Scores

PHI 4 – OTT 3
VAN 6 – BUF 5 (OT)
COL 4 – BOS 1
PIT 5 – DET 3
TBL 7 – SJS 1
FLA 4 – CBJ 1
CAR 6 – MIN 2
TOR 5 – STL 2
NSH 6 – NJD 4
DAL 3 – NYI 1
CGY 4 – LAK 3

James O’Brien is a writer for Pro Hockey Talk on NBC Sports. Drop him a line at phtblog@nbcsports.com or follow him on Twitter @cyclelikesedins.

P.K. Subban gets a warm tribute during his return to Nashville

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It would have been silly for Nashville Predators fans to boo P.K. Subban during his return to “Smashville.”

Subban didn’t choose to be traded from Montreal to Nashville, and he didn’t elect to be sent from Nashville to the New Jersey Devils, either.

Sports fans aren’t always so rational, though. Really, it makes sense: spending so much money, time, and emotional energy on a game isn’t exactly the most rational thing to do. So there was some concern about how Subban would be received, especially since he’s already booed in an honestly uncomfortably large number of NHL arenas already.

Subban and others can breathe a sigh of relief, though, as while not everyone greeted Subban with open arms in as literal a way as Roman Josi did with their hug on Saturday, the team gave Subban a fantastic welcome back tribute video:

Not only does that video include some of Subban’s great moments during his three seasons with the Predators (that Stanley Cup Final appearance, a Norris Trophy win), it also captures some of the off-the-ice qualities that make Subban so fun and entertaining (and make people sometimes get perplexingly, maybe troublingly mad about him). He got up and decided to sing some Johnny Cash upon arriving in Nashville, was a fantastic charitable presence, and was a lot of fun.

(No Listerine was spilled in the making of the ad, but you can’t have it all.)

Anyway, good on the Predators and their fans for welcoming P.K. back.

As a reminder, Montreal Canadiens fans greeted him with love upon his return, too:

James O’Brien is a writer for Pro Hockey Talk on NBC Sports. Drop him a line at phtblog@nbcsports.com or follow him on Twitter @cyclelikesedins.

Avs’ rising star Cale Makar shaken by hit from Bruins’ Marchand

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The Colorado Avalanche have done a masterful job, for the most part, when it comes to rolling with injury-related punches to key players such as Mikko Rantanen and Gabriel Landeskog. They have to hope that Saturday didn’t send another such haymaker their way.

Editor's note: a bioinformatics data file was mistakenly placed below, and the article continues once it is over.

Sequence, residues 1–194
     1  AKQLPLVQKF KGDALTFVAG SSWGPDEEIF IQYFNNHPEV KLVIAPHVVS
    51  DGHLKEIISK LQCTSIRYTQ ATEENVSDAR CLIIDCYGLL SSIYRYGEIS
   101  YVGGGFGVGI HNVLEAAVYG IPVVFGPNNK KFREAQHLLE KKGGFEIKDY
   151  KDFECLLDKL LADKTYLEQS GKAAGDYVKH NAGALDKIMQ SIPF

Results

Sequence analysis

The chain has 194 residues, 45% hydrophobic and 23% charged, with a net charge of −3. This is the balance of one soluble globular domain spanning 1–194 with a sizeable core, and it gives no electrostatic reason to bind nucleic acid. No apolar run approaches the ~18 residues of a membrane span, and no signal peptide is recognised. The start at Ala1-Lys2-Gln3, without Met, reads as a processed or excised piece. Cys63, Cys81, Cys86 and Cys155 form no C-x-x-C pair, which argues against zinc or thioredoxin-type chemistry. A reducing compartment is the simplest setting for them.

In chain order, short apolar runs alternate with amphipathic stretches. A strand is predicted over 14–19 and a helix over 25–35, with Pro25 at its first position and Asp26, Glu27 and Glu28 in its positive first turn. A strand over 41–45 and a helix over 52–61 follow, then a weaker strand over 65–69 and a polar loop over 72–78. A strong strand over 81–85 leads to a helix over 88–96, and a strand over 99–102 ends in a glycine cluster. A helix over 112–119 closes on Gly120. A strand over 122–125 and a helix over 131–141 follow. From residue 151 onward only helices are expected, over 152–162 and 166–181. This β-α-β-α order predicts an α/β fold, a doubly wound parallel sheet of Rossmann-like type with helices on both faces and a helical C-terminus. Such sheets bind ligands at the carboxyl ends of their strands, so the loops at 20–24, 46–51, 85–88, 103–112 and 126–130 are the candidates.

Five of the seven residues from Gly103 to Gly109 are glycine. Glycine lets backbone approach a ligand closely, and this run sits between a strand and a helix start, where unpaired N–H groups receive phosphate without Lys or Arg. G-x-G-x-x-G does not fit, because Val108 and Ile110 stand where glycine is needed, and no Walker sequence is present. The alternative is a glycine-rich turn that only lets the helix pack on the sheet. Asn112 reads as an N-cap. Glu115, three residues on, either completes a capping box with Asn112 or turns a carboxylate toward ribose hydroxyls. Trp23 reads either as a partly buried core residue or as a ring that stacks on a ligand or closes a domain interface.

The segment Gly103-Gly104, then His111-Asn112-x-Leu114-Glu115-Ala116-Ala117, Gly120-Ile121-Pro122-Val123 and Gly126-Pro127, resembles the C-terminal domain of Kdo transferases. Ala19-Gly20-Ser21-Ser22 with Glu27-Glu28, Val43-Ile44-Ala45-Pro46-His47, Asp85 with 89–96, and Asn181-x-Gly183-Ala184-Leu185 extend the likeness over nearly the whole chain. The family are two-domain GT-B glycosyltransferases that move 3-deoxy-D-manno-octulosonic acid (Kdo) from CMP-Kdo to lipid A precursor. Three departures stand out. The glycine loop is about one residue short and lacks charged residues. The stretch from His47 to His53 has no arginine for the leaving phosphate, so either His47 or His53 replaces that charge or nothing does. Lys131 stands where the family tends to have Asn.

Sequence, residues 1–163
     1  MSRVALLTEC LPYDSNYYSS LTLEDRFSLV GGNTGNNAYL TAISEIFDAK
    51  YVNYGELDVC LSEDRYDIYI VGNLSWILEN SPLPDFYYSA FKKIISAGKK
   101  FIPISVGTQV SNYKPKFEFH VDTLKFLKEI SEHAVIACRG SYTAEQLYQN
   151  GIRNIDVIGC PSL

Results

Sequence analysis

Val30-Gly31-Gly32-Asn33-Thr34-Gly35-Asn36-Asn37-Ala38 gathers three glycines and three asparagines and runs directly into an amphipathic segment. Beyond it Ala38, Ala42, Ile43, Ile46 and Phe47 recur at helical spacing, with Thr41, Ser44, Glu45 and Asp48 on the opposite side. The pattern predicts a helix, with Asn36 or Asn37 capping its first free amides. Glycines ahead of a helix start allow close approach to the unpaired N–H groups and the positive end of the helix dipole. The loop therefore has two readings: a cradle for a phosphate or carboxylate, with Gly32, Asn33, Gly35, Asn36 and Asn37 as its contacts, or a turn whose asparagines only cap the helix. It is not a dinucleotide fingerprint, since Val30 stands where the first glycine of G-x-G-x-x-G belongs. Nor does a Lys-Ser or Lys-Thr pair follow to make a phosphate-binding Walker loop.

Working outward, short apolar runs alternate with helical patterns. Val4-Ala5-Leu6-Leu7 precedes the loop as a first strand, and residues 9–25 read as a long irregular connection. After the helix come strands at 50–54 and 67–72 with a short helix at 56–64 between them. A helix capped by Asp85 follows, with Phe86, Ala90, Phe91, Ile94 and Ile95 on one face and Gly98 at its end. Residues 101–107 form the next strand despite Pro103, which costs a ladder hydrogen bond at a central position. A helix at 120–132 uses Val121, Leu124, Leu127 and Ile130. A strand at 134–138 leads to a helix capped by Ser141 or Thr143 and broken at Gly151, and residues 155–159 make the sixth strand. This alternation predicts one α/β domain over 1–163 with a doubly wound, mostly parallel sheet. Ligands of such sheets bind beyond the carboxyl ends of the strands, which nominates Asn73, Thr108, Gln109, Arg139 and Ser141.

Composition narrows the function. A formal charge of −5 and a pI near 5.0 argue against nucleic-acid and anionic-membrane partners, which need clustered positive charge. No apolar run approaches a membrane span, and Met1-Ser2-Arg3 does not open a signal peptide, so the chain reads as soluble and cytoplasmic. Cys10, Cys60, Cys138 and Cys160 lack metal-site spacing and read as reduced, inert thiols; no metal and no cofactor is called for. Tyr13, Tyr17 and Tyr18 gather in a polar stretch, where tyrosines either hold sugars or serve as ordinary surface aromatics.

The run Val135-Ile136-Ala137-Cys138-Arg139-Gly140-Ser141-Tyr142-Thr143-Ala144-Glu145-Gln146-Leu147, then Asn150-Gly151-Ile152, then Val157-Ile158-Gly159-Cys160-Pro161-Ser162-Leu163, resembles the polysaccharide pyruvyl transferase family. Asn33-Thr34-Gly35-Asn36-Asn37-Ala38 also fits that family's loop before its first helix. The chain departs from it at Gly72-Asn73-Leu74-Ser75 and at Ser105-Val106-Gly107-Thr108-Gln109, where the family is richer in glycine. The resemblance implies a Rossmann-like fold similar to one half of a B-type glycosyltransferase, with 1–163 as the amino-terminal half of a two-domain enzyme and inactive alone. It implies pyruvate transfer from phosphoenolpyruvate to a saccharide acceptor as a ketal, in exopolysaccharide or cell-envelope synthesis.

Rising star defenseman Cale Makar (who just fell under a point per game on Saturday with 28 in 29 contests) was clearly shaken up by a hard hit by Boston Bruins forward Brad Marchand.

It didn’t seem like a heinous hit by Marchand, although there are some who wonder if it was a bit high.

Either way, Makar’s reaction is troubling. You can see him shake his head multiple times following the hit, which gives the impression that he could have suffered a concussion. That doesn’t guarantee that Makar did, but it’s a situation to watch — and one the Avalanche should absolutely be careful about.

The Avalanche ended up beating the Bruins 4-1 on Saturday.

James O’Brien is a writer for Pro Hockey Talk on NBC Sports. Drop him a line at phtblog@nbcsports.com or follow him on Twitter @cyclelikesedins.

Laila Anderson, bone marrow donor attend Blues game

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If it got a “little dusty” at the Enterprise Center in St. Louis on Saturday, that’s understandable, because the continued story of Laila Anderson meeting Kenton Felmlee, her bone marrow donor, is sure to make most get a case of heightened allergies.

(Is that a leak from the ceiling? /Sobs)

Anyway, Felmlee was Anderson’s guest during Saturday’s Toronto Maple Leafs – St. Louis Blues game, giving the two another chance to bond, and beyond that, for Anderson to thank Felmlee for helping her in her battle with the rare immune disease HLH.

It’s great stuff, even if the actual Blues game isn’t going so great for St. Louis.

This longer clip from their first meeting earlier this week is worth watching, unless you don’t want people to see you openly weeping’n’stuff:

(Personally, I’d say it’s worth it.)

MORE ON LAILA ANDERSON AND THE BLUES:

James O’Brien is a writer for Pro Hockey Talk on NBC Sports. Drop him a line at phtblog@nbcsports.com or follow him on Twitter @cyclelikesedins.